Woman dies in Red Sea liveaboard fire
The diving liveaboard Red Sea Aggressor 1 sank after catching fire in the early hours of 1 November. One female guest died in the blaze, but the other 18 guests and 12 Egyptian crew managed to escape uninjured from the vessel.
The fire, cause unknown, broke out on the 36m liveaboard while the occupants were sleeping. The vessel, formerly the Suzanna, was moored overnight near Port Ghalib, its home port, on the last night of a seven-night trip covering the Brothers, Daedalus and Elphinstone itinerary.
Occupants had to evacuate the liveaboard hurriedly after being awoken by the smell of fumes, and were picked up by crew of the Emperor Fleet liveaboard Asmaa, moored nearby, before being taken ashore. The fate of the missing woman remains unclear.
In response to Divernet’s requests for clarification of the incident, Aggressor Adventures CEO Wayne B Brown said: “As you know, misinformation is common in the initial days following unforeseen events. We are being very open and honest on what we know as facts become available but, unfortunately, factual information is emerging slowly, even to us.
“We do not speculate. So as we’re able to review all statements given, we begin to get a better picture of what has occurred. However, we know in the big picture that, unfortunately, there was a tragedy of a diver losing their life, and the rest had to evacuate with little to no possessions.
“The ground team in Egypt responded quickly in getting everyone into an all-inclusive resort to ensure their basic needs were being met, and then assembled cash so they could get some clothing and sundries at the limited shops available in Port Ghalib.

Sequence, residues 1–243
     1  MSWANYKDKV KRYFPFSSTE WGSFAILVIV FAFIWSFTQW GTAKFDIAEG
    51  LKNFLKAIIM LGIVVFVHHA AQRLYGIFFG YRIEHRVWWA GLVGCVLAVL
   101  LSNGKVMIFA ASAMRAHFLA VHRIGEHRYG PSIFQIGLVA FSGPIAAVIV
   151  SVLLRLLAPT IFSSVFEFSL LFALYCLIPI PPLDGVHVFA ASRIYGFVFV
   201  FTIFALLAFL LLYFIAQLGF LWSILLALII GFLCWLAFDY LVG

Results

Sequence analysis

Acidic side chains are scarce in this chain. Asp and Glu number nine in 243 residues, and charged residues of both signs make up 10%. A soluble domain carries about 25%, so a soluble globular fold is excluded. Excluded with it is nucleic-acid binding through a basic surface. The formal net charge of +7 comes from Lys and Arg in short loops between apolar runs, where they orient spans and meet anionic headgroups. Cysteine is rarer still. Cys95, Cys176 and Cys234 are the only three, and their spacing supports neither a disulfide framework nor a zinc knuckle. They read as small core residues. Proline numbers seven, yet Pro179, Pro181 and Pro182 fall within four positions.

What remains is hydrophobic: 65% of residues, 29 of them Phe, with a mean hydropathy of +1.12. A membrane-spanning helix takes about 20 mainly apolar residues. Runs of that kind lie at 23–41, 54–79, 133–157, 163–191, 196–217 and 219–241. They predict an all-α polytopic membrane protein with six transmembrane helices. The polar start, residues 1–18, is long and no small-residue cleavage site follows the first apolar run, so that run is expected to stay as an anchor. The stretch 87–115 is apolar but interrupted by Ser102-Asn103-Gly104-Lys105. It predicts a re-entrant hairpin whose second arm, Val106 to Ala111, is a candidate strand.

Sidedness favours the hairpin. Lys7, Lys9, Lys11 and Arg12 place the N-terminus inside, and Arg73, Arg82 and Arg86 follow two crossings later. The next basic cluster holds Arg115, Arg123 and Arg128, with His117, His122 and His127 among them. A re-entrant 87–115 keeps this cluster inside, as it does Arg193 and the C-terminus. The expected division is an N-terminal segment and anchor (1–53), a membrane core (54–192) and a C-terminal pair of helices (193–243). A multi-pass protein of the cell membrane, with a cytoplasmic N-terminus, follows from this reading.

“They also spent a day and a half working with tourist police gaining approval for us to relocate them to Cairo. Egypt does not allow tourists to relocate without prior approvals that usually occur behind the scenes.
“We immediately secured hotels and transportation to the embassies in Cairo, even before they ever left Port Ghalib. The Cairo team then helped everyone with rearranging and paying for their return flights as well as some more shopping for clothes, luggage etc.
“Once on land, was everything executed perfectly? No. But rather accept it given the challenging circumstances, we are regrouping to assess how we can continue to improve our procedures and practices.
“As a company and divers ourselves, we have always been extremely safety-driven, and when any event happens anywhere in the dive industry, we use that to look internally for any changes we may need to make to try and prevent that occurrence with our own guests.”
9 November 2019
Brown said that following the recent Conception dive-liveaboard fire in California, in which 34 passengers and crew died and overnight battery-charging was one suspected cause “we directed every destination to ensure that no charging was done unattended and that all lithium charging was done outside at the designated charging areas.
“We also had them review their emergency-exit plans, fire-escapes and smoke-detectors for proper working order and that their firefighting gear was operational.”
Brown also addressed the comments of a passenger online that he had not heard a smoke-detector alarm, as well as research indicating that smoke-detectors that work when activated by their test button won’t necessarily be activated by smoke.
“We will start requiring the testing of our smoke-detectors with cans of fake smoke to ensure proper operation. That is just one of the many procedures we are looking to implement across our fleet to further strengthen our guest safety and, of course, customer confidence.”
On its website Aggressor Adventures has stated that it is “deeply saddened by the unfortunate events that took place in the Red Sea last week, resulting in the loss of a diver’s life. To her family and friends, we extend our deepest sympathies and condolences.” An official investigation is under way and members of the Red Sea Aggressor crew are reported to have been helping the police with their enquiries.